Accomplishment: Writer with a soft spot for animals - twelve dogs, a horse and a three legged cat, twenty six pigs and one very happy boar. In his spare time Giacomo headhunts for the biotech and medical device industry.
"Guy scouts talent for the biotech and medical device industry."
Sheri slammed down the bottle and rose from the chair. Her eyes were cold, the fire gone.
"But his books are damn good." I grinned. Giacomo was safe...for the moment.
Does bestseller mean good writer?
Absolutely, one-hundred percent...NO! This question I could go on for days about. Bestseller—if we're talking about actual sales in numbers—only means that a lot of people liked reading your book. It has nothing to do with whether it was written well, at least according to…someone…whoever decides these things.
Take the movies as an example. Transformers 3 did more than a billion dollars in sales worldwide. Does that mean it is a better movie than Inception? Not for me, but for others it must have been.
In books we have bestsellers like Harry Potter, The Hunger Games, Twilight...are they better than other critically acclaimed ones? Who's to say?
So, on to the real question...what does good writer mean? Good writer to you might be a hack to me. I know that if I dig into my wife's bookshelf and select a book, the chances of me liking it are slim and none. The reverse is pretty much the same. She doesn't even read my books. Does that mean the authors she reads are not good—because I don't like them, or they didn't hit the bestseller list? Hell no. It simply means she likes them and I don't. Much like anything else. Some people like Chinese food; some like Italian; others like anything. Books are no different.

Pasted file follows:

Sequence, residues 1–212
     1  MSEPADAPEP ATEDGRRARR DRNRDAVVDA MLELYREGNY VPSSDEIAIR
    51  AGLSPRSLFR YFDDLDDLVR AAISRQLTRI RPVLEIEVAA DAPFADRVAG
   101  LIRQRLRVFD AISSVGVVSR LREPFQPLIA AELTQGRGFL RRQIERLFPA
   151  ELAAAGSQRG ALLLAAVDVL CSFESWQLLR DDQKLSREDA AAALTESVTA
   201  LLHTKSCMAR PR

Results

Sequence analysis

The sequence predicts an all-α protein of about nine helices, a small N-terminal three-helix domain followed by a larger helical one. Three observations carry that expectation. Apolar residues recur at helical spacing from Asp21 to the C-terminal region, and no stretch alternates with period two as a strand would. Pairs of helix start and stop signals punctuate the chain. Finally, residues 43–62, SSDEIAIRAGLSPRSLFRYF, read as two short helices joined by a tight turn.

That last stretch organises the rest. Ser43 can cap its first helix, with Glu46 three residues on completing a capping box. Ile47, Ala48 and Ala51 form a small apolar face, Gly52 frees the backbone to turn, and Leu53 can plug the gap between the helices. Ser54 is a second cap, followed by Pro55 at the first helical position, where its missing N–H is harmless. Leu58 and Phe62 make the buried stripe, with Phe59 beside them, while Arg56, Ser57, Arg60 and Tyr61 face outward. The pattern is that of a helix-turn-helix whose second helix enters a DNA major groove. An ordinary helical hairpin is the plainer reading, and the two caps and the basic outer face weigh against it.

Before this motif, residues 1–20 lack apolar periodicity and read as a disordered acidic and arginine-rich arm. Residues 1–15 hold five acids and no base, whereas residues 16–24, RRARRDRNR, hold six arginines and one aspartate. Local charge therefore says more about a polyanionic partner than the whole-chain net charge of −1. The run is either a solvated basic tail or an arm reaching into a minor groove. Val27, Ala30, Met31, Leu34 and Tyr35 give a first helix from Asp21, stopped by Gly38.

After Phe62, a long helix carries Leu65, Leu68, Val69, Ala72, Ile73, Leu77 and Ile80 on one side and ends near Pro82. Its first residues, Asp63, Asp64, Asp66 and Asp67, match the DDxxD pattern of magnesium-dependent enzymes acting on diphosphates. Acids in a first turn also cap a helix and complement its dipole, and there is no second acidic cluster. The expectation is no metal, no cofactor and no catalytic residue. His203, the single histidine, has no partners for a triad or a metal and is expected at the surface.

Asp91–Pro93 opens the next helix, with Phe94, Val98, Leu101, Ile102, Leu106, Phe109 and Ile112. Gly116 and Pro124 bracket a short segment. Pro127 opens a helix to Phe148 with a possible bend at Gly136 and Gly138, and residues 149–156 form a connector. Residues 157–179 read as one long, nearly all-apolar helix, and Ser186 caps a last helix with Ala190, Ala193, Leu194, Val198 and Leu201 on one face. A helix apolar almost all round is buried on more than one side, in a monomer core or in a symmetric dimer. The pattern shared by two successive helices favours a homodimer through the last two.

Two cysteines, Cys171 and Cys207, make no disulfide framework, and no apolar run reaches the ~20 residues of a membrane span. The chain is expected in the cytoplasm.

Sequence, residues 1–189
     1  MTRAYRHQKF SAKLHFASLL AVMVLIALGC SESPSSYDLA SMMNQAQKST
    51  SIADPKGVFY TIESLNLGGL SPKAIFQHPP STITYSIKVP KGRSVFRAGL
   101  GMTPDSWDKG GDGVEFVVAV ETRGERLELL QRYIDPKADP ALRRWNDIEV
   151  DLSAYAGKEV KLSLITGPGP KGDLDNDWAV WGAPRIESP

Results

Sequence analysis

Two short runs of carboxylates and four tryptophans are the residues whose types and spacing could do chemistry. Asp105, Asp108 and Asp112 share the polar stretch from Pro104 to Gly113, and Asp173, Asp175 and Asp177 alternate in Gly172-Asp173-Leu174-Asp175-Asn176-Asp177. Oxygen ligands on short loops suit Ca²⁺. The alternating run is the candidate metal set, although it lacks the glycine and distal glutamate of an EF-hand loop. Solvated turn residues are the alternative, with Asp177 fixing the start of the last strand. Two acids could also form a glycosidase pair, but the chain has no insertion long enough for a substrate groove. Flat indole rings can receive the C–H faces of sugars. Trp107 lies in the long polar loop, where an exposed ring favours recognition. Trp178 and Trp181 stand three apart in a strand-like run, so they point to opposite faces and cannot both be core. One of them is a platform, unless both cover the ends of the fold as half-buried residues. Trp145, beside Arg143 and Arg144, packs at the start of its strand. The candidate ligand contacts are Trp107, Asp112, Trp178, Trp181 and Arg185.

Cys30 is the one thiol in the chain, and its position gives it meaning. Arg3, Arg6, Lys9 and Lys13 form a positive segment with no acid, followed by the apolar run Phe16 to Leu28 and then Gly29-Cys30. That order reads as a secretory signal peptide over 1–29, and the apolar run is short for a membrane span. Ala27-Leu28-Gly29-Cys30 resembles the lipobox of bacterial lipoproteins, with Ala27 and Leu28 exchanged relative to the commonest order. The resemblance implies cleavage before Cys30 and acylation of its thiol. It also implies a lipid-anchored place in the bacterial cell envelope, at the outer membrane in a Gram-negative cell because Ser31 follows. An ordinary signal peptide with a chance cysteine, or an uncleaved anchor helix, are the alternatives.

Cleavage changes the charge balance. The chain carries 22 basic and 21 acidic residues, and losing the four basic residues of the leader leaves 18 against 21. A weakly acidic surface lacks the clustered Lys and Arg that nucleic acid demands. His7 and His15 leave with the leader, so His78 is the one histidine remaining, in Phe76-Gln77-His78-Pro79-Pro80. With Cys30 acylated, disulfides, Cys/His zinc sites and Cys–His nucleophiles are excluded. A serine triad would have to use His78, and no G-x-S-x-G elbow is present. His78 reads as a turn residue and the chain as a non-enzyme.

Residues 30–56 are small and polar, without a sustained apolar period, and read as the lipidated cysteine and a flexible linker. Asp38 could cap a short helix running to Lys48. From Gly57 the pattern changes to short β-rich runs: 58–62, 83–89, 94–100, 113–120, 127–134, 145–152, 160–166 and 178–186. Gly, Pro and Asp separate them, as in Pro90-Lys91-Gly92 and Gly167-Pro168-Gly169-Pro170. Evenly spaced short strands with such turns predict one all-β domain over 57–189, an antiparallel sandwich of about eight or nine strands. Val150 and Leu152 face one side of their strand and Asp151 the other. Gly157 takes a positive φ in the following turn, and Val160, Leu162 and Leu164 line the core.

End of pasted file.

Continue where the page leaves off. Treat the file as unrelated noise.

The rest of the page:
To agent or not to agent? Why or why not?
When you ask this question, you might as well ask, traditional publishing or self publishing. Why else would you need an agent? I know there are some self-published authors who have been successful and then signed an agent for representation. That's fine and they might be needed, but for the most part we're really talking traditional or not. With that in mind, I think it boils down to a personal decision for each author. Every person is different, not only regarding what they want to do, but their talents, their resources, and their level of commitment. All of this has to be taken into consideration.
It is very much like the craftsman. Take a bricklayer, or a carpenter, electrician, any of them. They have choices much like authors do.
• Go to work for the union
• Go to work for a non-union shop
• Go into business for yourself.
• Unions are like big publishing. Security, or perceived security. Good pay. Good benefits. Good hours.
• Non unions are similar to small publishers. Less security. Decent pay. Decent benefits. Decent hours.
• Starting your own company= self publishing. No security. Tremendous pay as long as you produce it. No benefits. Horribly long hours. The rewards, though, are the best.
Is self publishing the new 'slush-pile’?
I wouldn't say self publishing is the slush pile. I think that analogy is a little off. The slush piles are the distribution channels for ebooks. Amazon being the biggest player. Self publishers are just one of many contributing to the slush. I would throw traditional publishers in there with them.